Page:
And that’s not the only thing that has improved. Because of Plastivision, Borg-Warner has developed an enviable image as the high-technology leader of the plastics industry, and has realized a significant increase in sales since the installation of the videotex system.

Electronic management in insurance

The Independent Insurance Agents of America (IIAA) is based in New York City, but, like all industry associations, must be able to effectively communicate with members all over the country. IIAA executives realized that telephone calls and letters could not do the job as well as they wanted, and so installed an Interchange system called the Electronic Management Information Service. Through EMIS, independent insurance agents now have instant electronic access to information that helps them respond quickly to changes in the insurance marketplace.

Although the agents must purchase their own hardware and software, access to the videotex system is free and includes daily updates of legislative, financial and trade press news. The association serves nearly 60,000 agents; more than 1,000 have access to EMIS and another 1,000 are in the process of computerizing their operations and will log on soon.

One of the most popular aspects of EMIS is the bulletin board system, according to Rebecca J. Newman, database administrator. “If an agent has a question or a problem, he or she can post a message and another agent will reply. This saves a lot of research time and frustration, since they don’t have to search through massive amounts of data to find the information. Also, some agents are experts in various fields, and sharing this expertise is wonderful for all.”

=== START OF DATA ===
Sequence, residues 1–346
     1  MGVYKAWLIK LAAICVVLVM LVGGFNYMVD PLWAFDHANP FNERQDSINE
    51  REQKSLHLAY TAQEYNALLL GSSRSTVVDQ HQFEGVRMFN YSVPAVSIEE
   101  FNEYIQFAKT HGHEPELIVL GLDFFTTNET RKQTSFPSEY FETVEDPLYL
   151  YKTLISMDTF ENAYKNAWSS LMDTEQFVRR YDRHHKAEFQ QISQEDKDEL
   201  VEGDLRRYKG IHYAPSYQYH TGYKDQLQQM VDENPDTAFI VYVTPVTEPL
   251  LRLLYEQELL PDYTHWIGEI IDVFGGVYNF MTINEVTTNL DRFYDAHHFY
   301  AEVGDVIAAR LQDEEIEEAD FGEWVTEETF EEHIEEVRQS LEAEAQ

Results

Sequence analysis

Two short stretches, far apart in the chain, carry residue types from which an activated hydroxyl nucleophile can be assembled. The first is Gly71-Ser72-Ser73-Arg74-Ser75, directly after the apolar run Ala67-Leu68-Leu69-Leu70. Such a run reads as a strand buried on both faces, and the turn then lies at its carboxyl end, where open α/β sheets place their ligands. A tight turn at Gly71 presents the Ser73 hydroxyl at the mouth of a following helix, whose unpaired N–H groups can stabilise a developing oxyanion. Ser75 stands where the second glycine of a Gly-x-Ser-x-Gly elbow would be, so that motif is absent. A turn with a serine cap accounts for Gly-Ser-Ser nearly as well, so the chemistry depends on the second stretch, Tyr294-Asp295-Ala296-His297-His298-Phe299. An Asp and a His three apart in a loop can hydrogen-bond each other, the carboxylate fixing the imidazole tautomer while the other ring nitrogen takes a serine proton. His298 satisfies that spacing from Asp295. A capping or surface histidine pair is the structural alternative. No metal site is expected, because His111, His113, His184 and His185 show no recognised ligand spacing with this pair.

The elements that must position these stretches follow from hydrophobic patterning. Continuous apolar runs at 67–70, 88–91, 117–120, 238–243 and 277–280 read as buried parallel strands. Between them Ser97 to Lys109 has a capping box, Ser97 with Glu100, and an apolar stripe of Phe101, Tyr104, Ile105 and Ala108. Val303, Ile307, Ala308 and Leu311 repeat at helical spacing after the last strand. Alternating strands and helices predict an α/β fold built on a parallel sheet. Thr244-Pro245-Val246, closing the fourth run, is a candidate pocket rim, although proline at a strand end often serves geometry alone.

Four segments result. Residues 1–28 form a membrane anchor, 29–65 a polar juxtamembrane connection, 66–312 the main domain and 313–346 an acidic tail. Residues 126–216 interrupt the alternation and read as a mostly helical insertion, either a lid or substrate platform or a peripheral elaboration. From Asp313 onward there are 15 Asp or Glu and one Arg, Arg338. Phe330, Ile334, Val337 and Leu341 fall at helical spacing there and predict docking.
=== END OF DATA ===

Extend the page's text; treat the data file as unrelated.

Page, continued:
News from the trade press highlights the key items of concern to agents, which appear in the weekly trade publications. Through a unique arrangement with the trade press, these items are provided on or prior to the date of publication. In addition, EMIS offers agents information on marketing data by state and a variety of agency management information. Users can also purchase demographic information by ZIP code that can be used in target marketing efforts. News about IIAA activities is provided as they occur, including a weekly report on the lobbying activities of the association’s Washington, D.C., office.